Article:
Grand Theater

2026 S. 7th Street,
Philadelphia, PA 19148

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Grand Theater

Viewing: Photo | Street View

This movie theater was at 7th Street and Snyder Avenue in South Philadelphia. It was already closed by the time I was born, but the wall sign stating GRAND THEATER is still there! It is now a dollar store.

Contributed by Annette Ravinsky

Recent comments (view all 10 comments)

William
William on November 20, 2003 at 4:21 pm

The Grand Theatre seated 949 people.

AWallace
AWallace on June 21, 2005 at 11:35 am

The GRAND is now a tool store…they removed the siding, etc and the original black and white painted wall shows now! It reads, “GRAND THEATER…Matinee—Talkies”. I took tons of pics of the wall, now I just have to get time to upload them!

HowardBHaas
HowardBHaas on June 3, 2007 at 4:55 am

The Synder Avenue Baptist Church was converted into a moviehouse in 1911. The listing above that Hoffman-Henon were the architects is mistaken. Silent films were joined by vaudeville. . Another renovation, by architect W.H. Lee, took place in the 1930’s. The Grand had 850 seats. A retail store took over by the 1960’s.

Current exterior photos by Anthony DiFlorio III are linked below.

Sign proclaims Grand Theatre Talkies Matinee Daily:
View link

Another photo shows corner view, and a sign proclaims Grand Theatre:
View link

There are more Grand signs visible, too, elswhere on the building.

HowardBHaas
HowardBHaas on June 3, 2007 at 4:58 am

The Synder Avenue Baptist Church was converted into a moviehouse in 1911. The listing above that Hoffman-Henon were the architects is mistaken. Silent films were joined by vaudeville. . Another renovation, by architect W.H. Lee, took place in the 1930’s. The Grand had 850 seats. A retail store took over by the 1960’s.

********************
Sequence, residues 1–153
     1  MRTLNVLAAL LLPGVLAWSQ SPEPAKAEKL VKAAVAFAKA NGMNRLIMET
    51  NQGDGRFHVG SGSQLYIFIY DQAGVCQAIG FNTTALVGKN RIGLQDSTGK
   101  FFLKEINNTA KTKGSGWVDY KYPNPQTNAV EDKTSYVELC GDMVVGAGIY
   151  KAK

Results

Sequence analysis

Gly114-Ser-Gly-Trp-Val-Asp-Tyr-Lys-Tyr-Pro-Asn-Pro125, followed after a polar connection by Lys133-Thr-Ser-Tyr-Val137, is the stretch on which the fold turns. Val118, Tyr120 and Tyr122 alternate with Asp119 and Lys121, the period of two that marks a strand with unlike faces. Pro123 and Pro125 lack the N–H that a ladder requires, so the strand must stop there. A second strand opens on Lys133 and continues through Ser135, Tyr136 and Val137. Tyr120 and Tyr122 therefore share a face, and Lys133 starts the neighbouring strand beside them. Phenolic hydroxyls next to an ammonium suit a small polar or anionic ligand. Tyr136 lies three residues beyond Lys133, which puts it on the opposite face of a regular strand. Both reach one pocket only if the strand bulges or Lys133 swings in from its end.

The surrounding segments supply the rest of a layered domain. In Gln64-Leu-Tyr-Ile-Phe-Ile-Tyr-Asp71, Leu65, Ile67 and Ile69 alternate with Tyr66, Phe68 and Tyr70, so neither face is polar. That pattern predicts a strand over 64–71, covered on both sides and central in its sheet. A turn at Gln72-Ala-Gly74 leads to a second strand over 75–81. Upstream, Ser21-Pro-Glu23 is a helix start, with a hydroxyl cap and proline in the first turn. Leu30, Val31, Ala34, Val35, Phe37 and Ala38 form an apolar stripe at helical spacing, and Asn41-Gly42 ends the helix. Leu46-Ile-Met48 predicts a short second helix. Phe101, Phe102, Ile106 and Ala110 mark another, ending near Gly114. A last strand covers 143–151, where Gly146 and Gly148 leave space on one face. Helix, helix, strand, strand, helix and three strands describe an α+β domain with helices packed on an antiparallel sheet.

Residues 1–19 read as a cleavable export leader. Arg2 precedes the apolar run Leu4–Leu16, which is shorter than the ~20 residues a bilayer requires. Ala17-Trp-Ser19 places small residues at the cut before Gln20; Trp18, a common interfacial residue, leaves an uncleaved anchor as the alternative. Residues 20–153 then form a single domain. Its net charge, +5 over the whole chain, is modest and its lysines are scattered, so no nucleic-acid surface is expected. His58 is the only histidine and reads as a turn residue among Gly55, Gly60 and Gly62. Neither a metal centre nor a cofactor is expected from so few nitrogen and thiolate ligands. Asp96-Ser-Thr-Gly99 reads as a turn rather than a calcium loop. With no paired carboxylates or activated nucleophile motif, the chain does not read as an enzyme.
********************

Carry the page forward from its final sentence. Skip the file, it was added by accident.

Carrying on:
Current exterior photos by Anthony DiFlorio III are linked below.

Sign proclaims Grand Theatre Talkies Matinee Daily:
View link

Another photo shows corner view, and a sign proclaims Grand Theatre:
View link

There are more Grand signs visible, too, elswhere on the building.

HowardBHaas
HowardBHaas on June 3, 2007 at 8:58 am

Anthony DiFlorio III (who supplied the above photos!) received the below email, and has told me I can post it here:

What a memory! But you must know the Grand is/was at Seventh and Snyder Avenue not Sixth Street. It once was a Baptist Church but as the neighborhood changed before WWI it became a hall and eventually a movie house. It was three-four blocks from where I lived, near Ninth and Wolf Streets. I seldom went to the Grand for one good reason. The fare was nineteen cents because it was air-conditioned! It was tough enough for me to get eleven cents for the Colonial movie house, nineteen cents was beyond my reach. But just to experience the air-conditioning, I very slowly accumulated nineteen pennies and entered the frigid world and saw Spencer Tracy and Bartholmew -what ever the rest of his name- was in some fishing drama. How I accumulated nineteen pennies is another story. Thanks for the memory.
Umberto LaPaglia

barrettbates
barrettbates on August 30, 2011 at 6:44 am

The movie Mr. LaPaglia saw for 19 cents in 1937 at the newly air-conditioned Grand was Captains Courageous, starring Spencer Tracy and Freddie Bartholomew. I still want to know how he got the 19 cents together.

ivymutt
ivymutt on December 25, 2011 at 6:22 pm

i recently took my father for a ride around the neighborhood (he lived there as a kid) and remembers going to the grand theater alot. he was in there when news broke about pearl habor. he can’t remember what was playing. if anyone has any information could you let me know?

TheALAN
TheALAN on February 10, 2014 at 2:13 pm

A discrepancy seems to exist regarding the number of seats that the Grand Theater had. The overview states the Grand had 949 seats. Howard believes there were 850 seats. Could this reduction have occurred during Wm. H. Lee’s 1930’s renovation or during another period?

TheALAN
TheALAN on February 10, 2014 at 2:28 pm

By the 1960’s the theater had been converted to retail use and as of January 2014, Titan Industrial Supply Co. occupied the building.

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